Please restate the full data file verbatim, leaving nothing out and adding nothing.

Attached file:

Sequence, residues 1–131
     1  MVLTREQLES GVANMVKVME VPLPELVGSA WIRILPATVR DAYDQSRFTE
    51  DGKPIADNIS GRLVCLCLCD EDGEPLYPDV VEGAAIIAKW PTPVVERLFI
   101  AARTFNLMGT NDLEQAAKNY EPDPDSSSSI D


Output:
Sequence, residues 1–131
     1  MVLTREQLES GVANMVKVME VPLPELVGSA WIRILPATVR DAYDQSRFTE
    51  DGKPIADNIS GRLVCLCLCD EDGEPLYPDV VEGAAIIAKW PTPVVERLFI
   101  AARTFNLMGT NDLEQAAKNY EPDPDSSSSI D